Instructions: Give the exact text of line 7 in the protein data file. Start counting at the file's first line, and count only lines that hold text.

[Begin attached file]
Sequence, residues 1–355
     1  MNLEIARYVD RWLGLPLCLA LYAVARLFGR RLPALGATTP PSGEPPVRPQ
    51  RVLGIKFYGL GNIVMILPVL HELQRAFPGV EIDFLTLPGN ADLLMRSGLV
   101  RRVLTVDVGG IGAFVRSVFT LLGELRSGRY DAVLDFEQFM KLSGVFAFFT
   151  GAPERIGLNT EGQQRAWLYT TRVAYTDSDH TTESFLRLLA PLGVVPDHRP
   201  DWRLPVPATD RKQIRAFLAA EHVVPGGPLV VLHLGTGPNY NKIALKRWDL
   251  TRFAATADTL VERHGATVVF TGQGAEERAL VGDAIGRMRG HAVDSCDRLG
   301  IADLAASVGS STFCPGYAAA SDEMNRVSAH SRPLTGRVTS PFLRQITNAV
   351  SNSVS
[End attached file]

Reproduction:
   251  TRFAATADTL VERHGATVVF TGQGAEERAL VGDAIGRMRG HAVDSCDRLG